So this year we've decided to get rid of it once and for all! So far, only one shovel has been completely broken and another is not in the best shape. My husband had to use a crow bar and hammer to get one of the clumps out, and I am continuing to work on the last two. At this rate, it might be July before we're done but it will be so nice to have that off of the checklist!
With all this unwanted plant life piling up on my porch, I find myself again making sun prints with these cast off bits. Kinda like my Winter Garden series but still a bit different.
There is just such a creative freedom that comes when you don't view your supplies as precious, and there is nothing less precious than weeds or, in this case, clumps of grass destined to go in the yard waste bin.
“Before you dismiss any gift as worthless, look again because it may just contain hidden treasure.” ― Rejoice Denhere, Trash to Treasure
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We got some much-needed rain this week here in Omaha and along with the precipitation came the humidity......and a flare up for me. Bleh!
(yes, it was sunny during this tornado-producing storm)
So instead of making with my own hands, I've been window shopping handmade goods on Etsy with the excuse that I need to purchase a few hostess gifts for some upcoming summer parties. I'm sure some of you are in the same boat as me with invites to BBQ's and The Fourth being just around the corner so I've picked ten of my favorites to share with you!
- Copper painted mini concrete planter
- Recycled sawdust fire starters
- Eco friendly soy candle
- Monarch butterfly seed balls
- Relaxing massage and lotion candles
- Swiss cross letterpress coasters
- Initial ring dish/ jewelry holder
- Natural lemon eucalyptus lip balm
- Green tea home fragrance
- Wine glass charms
Hope this makes your holiday planning easier!
So there I am, just driving down my street after a fairly conflict-free trip to the grocery store with my littles when, bam! I see this amazing flower/weed growing in the yard of an abandoned house on my block.
I mean, amazing right? Like a ginormous dandelion! Thanks to some help from someone on Instagram, I was able to find out that it is a Tragopogon (possibly Tragopogon dubius) and is indeed a weed.
Now, the gardener in me hates weeds, but my printmaker sides loves them!! I don't have to be precious with them while I try out different ways of using them in my art because they will grow back in abundance.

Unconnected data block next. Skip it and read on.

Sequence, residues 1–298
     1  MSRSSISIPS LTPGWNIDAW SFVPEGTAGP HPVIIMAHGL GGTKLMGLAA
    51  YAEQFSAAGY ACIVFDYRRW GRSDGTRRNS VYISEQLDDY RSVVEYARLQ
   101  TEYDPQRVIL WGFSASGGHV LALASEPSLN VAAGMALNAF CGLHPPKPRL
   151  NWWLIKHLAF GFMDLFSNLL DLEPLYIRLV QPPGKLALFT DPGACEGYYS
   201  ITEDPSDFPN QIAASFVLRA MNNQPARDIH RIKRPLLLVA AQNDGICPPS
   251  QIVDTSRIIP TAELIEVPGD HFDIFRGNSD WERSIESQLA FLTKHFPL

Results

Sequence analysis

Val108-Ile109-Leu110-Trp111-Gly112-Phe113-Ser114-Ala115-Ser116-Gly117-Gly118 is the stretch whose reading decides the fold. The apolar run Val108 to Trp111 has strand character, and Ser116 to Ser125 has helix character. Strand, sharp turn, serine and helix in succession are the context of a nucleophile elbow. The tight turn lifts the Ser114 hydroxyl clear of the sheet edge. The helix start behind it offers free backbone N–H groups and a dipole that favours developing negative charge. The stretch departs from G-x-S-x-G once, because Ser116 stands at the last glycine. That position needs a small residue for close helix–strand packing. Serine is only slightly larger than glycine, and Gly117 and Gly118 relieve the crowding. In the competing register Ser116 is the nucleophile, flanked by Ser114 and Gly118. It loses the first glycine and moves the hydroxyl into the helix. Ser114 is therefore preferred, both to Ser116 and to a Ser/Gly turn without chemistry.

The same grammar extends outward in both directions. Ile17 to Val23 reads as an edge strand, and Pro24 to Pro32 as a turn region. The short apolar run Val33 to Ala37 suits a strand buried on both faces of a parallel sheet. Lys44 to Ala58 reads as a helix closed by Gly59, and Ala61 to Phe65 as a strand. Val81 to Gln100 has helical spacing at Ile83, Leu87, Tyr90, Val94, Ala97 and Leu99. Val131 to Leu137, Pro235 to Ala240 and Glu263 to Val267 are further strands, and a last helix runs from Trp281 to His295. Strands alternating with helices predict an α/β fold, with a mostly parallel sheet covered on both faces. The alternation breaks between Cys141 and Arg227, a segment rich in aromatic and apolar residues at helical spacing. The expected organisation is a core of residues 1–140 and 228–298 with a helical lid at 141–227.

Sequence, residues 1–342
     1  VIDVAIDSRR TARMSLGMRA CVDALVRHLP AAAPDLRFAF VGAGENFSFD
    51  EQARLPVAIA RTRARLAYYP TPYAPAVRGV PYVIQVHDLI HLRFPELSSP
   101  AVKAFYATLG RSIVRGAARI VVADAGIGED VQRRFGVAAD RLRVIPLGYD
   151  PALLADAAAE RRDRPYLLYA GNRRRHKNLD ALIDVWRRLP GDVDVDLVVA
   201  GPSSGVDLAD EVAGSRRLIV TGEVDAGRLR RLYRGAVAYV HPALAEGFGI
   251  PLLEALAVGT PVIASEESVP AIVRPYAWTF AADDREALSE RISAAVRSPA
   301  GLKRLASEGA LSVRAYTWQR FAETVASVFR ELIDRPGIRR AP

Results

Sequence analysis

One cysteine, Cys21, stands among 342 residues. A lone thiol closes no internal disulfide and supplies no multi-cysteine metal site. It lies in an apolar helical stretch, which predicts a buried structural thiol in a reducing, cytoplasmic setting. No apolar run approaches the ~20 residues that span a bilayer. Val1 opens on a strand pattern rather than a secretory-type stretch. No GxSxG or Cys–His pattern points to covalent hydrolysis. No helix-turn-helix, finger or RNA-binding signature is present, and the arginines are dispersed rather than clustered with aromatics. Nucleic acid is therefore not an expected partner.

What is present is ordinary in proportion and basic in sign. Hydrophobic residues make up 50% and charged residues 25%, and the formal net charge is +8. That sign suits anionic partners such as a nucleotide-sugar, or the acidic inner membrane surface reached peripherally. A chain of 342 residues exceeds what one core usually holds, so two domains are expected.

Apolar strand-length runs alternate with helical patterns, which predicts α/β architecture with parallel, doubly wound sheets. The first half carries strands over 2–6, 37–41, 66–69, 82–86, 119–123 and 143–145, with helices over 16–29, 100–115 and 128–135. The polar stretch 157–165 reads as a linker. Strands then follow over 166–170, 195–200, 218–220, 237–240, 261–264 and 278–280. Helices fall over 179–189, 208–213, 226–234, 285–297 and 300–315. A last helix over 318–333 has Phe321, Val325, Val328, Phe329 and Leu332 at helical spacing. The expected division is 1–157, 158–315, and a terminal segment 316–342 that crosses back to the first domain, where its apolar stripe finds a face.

I've had a few days to play with them with cyanotypes, but not yet with acrylics. Fingers crossed the lawn they are growing in doesn't get mowed anytime soon!!
I was beat, just beat. Four nights in one week of having one of our kids up during the night and then joining us in bed was really starting to have an impact. Covering up the ever darkening circles under my eyes with a little extra concealer was an easy fix but stopping my arthritis from flairing up was just something that was beyond my control. Friday afternoons are usually spent cleaning the house so that Saturdays can be spent doing fun stuff, but I was too tired to even think of something fun! That is, until I got this lovely email from my husband:
So, I’m thinking about hitting up Calvin Crest tomorrow for two or three laps. Looks like they didn’t get any rain and it’s way more fun than Tranquility. I know you like to go out there too, so I thought I’d run it past you now in case you wanted to go too.
Camp Calvin Crest has mountain bike trails which Travis loves, and hiking trails for me so obviously my answer was yes!! My neurons really started firing as I started to think what I would need to do to get ready. Sun screen, check! Bug spray, check! Cyanotype paper.....ummm no. My stash of prepped paper was quite low. Thankfully it was still early in the afternoon so I could take advantage of Quiet Time to take over the bathroom to mix the chemicals without having to be interrupted.
Word of caution to anyone thinking about taking up sun printing: if you have only one spot in your house that is suitable for working with these type of photo-reactive supplies, everyone will suddenly need to be in that space the moment you get set up to work. Every single time. #funnybutnotfunny
The kids were pretty good about observing the main tenet of Quiet Time, namely, staying quiet, which is very hard to do on Fridays because they know that in just a few short hours they will be at Grammy's House for a sleepover. I had just enough time to get everything ready for the next day's adventure.
Saturday morning came and brought with it an extra dose of humidity thanks to all the rain we had that week. I tend to wear skirts or dresses when I hike to keep cool but did add a long sleeve linen shirt to my attire to avoid more sunburn and provide less surface area for the mosquitoes to feast.
The plan was to be there for about three hours so I figured I would divide my time evenly between hiking/collecting interesting shaped plants and printmaking.
Keep all special thoughts and memories for lifetimes to come. Share these keepsakes with others to inspire hope and build from the past, which can bridge to the future. -Mattie Stepanek
In the end, I a made a total of zero prints. The views were just too serene and the fresh air too restorative for me to head back to the van to get my printing supplies. Also knowing that I will be back multiple times this summer may have also influenced my decision! :-)
Lillie Langtry one said, "Anyone's life truly lived consists of work, sunshine, exercise, soap, plenty of fresh air, and a happy contented spirit."
I wholeheartedly agree!!